Simply put, the space recovery routine first selects a space after a sufficiently large non-pending free space. It then reads and writes consecutive spaces using the normal cckd read and write routines. The space read will become pending free space and will hopefully be written to a non-pending free space occurring earlier in the file. Sometimes it is necessary to write the space later in the file to increase free space size earlier in the file. Left to itself, the space recovery routine will eventually remove all free space from the file. However, it is not intended to be a replacement for the cckdcomp utility; rather, the intent is to provide sufficient free space to prevent excessive file growth.

Another function performed by space recovery is to relocate L2 (secondary lookup) tables towards the beginning of the file. This simplifies chkdsk recovery and enables the chkdsk function to complete more quickly during initialization.

Interestingly however, this is actually not recommended, as it tends to make accessing track data slower, not faster. Instead, L2 tables should be kept as close as possible to the actual track data they point to. Enabling automatic garbage collection is therefore not recommended and is thus the reason it is disabled by default starting with Hercules 4.5.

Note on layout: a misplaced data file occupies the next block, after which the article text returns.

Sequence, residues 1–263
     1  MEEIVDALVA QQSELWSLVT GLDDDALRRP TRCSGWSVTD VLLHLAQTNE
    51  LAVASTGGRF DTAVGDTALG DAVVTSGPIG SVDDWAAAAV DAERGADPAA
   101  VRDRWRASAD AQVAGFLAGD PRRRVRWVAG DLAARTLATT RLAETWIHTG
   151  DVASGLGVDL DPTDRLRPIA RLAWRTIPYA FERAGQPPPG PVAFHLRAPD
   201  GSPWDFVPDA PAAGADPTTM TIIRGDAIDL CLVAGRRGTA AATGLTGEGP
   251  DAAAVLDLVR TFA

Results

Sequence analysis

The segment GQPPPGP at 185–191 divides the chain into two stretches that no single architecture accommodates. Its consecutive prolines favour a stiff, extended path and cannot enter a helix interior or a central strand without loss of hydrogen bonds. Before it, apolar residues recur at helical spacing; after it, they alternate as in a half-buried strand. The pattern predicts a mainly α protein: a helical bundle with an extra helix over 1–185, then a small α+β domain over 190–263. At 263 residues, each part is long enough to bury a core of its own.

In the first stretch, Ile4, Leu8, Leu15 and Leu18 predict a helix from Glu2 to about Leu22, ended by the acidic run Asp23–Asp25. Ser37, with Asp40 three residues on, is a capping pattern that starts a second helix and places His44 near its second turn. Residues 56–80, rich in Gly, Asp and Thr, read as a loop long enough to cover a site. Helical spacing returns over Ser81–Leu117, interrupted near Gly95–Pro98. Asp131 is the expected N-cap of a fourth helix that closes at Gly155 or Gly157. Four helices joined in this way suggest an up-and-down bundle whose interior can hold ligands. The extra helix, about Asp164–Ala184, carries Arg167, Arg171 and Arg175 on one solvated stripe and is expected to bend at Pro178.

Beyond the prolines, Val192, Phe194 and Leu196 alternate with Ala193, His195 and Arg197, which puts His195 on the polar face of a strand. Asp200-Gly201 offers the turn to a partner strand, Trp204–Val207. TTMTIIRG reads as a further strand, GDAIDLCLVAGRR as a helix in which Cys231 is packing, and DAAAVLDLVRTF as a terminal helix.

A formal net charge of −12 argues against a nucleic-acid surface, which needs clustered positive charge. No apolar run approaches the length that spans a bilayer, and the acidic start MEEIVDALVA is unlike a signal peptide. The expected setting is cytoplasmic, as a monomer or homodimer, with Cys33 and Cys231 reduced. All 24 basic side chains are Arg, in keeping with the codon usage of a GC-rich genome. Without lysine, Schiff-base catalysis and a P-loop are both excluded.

Starting with Hercules 4.5, CCKD will (if gsmsgs=1) report the current garbage state (fragmentation state) of each dasd image at startup so you can know which images you should perform manual defragmentation for.

Runtime Tuning Options

The cckd command and initialization statement can be used to affect cckd processing. The CCKD initialization statement is specified as a Hercules configuration file statement and supports the same options as the cckd command explained below.


cckdhelpDisplay cckd help
cckdstats Display current cckd statistics
cckdoptsDisplay current cckd options
cckdopt=valueSet a cckd option.  Multiple options may be specified,
  separated by a comma with no intervening blanks:
 comp=n   Compression to be used
 compparm=n   Compression parameter to be used
 debug=n   Turn CCW tracing debug messages on or off
 freepend=n   Set the free pending value
 fsync=n   Turn fsync on or off
 gcint=n   Garbage collector interval
 gcmsgs=n   Garbage collector messages
 gcparm=n   Garbage collector parameter
 gcstart=n   Start garbage collector
 linuxnull=n   Check for null linux tracks
 nosfd=n   Turn off stats report at close
 nostress=n   Turn stress writes on or off
 ra=n   Number of readahead threads
 raq=n   Readahead queue size
 rat=n   Number of tracks to readahead
 trace=n   Number of trace table entries
 wr=n   Number of writer threads


comp=n   Compression type:

-1 Default
  0 None
  1 zlib
  2 bzip2

Override the compression used for all cckd files. -1 (default) means don't override the compression.

compparm=n   Compression parameter. A value between -1 and 9. -1 means use the default parameter. A higher value generally means more compression at the expense of cpu and/or storage.

debug=n   Enables or disables debug tracing. When enabled, additional CCKD trace messages are displayed when CCW tracing is enabled for a CCKD dasd device.